One of the mysteries of the English language finally explained.
Used to refer to a maneuver that can be performed by a moving vehicle or person within a small area or short distance.‘boats that can turn on a dime’
- ‘I don't know what happened first, the insult or the swing, but months of training now meant that I could spin on a dime and hit a ball across an ocean if I had to.’
- ‘You have to be able to turn on a dime when something's not working.’
- ‘He runs beautiful, precision short routes and can cut on a dime.’
- ‘Like a battleship, book publishing doesn't turn on a dime, so the old year's trends don't usually determine a new year's books.’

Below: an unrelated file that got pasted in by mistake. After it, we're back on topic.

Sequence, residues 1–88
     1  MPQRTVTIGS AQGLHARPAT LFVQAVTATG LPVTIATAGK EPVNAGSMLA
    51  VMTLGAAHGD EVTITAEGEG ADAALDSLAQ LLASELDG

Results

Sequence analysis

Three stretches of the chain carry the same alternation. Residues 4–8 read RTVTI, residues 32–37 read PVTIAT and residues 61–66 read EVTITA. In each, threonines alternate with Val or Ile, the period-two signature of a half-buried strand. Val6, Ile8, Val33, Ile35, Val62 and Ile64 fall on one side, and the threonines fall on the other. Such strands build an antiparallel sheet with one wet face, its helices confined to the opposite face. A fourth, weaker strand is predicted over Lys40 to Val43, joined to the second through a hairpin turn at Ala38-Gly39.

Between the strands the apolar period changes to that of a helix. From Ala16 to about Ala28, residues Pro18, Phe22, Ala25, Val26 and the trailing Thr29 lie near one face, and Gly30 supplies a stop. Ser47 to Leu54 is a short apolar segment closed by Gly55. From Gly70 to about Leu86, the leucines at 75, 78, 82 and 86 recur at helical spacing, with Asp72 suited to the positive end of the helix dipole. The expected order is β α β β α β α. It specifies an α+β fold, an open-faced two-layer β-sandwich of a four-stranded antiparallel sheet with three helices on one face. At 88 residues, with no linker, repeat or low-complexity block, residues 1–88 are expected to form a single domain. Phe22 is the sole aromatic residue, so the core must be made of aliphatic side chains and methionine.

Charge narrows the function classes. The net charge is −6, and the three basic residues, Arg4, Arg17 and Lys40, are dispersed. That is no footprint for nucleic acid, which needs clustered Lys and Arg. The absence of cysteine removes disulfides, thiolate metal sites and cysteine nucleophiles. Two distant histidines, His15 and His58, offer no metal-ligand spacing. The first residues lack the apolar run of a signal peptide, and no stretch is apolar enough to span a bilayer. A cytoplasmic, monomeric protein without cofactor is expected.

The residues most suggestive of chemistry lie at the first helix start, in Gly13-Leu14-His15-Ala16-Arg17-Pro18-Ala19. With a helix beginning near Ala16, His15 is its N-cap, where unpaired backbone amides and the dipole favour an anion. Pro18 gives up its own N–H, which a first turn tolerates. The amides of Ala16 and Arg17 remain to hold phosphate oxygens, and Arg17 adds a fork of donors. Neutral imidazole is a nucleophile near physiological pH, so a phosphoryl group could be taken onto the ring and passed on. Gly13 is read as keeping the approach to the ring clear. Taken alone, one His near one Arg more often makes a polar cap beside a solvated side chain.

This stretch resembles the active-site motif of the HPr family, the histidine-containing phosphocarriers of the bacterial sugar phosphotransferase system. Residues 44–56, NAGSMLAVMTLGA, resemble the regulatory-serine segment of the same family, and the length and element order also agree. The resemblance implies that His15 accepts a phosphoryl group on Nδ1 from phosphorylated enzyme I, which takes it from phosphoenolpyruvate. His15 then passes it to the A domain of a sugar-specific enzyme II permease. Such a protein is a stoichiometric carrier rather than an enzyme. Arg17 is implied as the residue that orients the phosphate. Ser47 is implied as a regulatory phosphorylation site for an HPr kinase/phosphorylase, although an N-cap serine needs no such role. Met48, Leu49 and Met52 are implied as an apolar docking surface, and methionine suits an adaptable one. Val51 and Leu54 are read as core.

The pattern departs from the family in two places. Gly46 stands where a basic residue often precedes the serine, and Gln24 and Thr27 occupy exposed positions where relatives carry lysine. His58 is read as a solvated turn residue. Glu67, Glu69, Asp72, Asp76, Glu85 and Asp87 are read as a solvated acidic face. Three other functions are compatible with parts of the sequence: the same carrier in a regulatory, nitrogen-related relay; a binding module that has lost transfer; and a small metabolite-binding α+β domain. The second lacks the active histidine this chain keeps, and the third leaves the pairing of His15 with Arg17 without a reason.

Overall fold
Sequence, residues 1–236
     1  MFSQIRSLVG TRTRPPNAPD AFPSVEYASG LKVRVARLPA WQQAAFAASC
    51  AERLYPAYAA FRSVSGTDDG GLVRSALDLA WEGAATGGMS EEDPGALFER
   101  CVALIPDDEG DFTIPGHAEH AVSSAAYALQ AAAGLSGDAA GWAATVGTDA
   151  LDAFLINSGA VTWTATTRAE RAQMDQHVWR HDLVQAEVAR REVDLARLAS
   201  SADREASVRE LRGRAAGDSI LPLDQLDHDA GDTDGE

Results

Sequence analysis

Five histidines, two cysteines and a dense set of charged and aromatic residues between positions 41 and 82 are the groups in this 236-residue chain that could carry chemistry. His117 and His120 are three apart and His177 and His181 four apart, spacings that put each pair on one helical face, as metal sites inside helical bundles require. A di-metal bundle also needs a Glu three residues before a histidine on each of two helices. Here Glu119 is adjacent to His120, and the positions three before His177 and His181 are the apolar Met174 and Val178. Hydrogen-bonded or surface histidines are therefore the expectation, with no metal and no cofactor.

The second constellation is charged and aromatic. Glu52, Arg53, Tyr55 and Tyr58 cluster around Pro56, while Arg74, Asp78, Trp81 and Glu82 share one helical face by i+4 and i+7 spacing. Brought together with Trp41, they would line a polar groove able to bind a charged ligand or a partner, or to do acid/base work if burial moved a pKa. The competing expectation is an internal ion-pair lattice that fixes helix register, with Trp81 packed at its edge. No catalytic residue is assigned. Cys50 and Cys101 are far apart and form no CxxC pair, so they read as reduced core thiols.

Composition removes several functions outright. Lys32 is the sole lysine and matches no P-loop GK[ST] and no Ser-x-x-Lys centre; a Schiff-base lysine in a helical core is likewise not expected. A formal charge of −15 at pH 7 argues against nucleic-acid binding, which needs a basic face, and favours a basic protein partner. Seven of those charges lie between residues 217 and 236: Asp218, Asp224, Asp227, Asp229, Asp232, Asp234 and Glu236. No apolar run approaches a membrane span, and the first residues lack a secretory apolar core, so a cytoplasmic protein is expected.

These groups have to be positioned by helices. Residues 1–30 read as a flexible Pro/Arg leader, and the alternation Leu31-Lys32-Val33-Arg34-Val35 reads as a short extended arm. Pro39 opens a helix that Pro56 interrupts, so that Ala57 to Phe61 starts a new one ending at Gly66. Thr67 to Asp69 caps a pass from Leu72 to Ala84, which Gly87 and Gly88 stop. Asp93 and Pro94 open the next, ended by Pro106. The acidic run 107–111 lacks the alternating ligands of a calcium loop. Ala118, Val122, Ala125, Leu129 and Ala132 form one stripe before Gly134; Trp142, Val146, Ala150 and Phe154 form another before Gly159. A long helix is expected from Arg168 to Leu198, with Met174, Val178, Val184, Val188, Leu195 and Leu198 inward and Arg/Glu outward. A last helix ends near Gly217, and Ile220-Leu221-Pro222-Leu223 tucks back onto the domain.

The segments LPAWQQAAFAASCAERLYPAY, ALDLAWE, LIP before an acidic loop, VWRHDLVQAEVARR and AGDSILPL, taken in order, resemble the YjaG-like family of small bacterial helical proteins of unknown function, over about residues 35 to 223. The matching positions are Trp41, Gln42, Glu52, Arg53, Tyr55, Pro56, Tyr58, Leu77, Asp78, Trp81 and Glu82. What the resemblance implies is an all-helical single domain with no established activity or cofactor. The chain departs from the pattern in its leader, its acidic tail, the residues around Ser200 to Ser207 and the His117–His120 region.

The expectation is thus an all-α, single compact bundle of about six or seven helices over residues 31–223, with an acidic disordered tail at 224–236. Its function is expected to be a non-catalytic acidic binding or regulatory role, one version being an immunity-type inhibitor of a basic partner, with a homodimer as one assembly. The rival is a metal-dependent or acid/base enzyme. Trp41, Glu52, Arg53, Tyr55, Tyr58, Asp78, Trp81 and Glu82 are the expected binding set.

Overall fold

- ‘He has one of those riding mowers that turns on a dime.’
- ‘Well, you know, this investigation has turned on a dime.’
- ‘Yes, I know a 60-year-old approach to foreign policy can't turn on a dime.’
- ‘Yes, you've got to hand it to these guys - they can turn on a dime.’
- ‘The last couple of years has seen the series shift to arcade-style action, but the new momentum-based skating could spell an end to skaters stopping and turning on a dime.’
- ‘The Fed Chairman, of course, turned his fiscal rectitude on a dime as soon as the Republicans regained control of the Treasury.’
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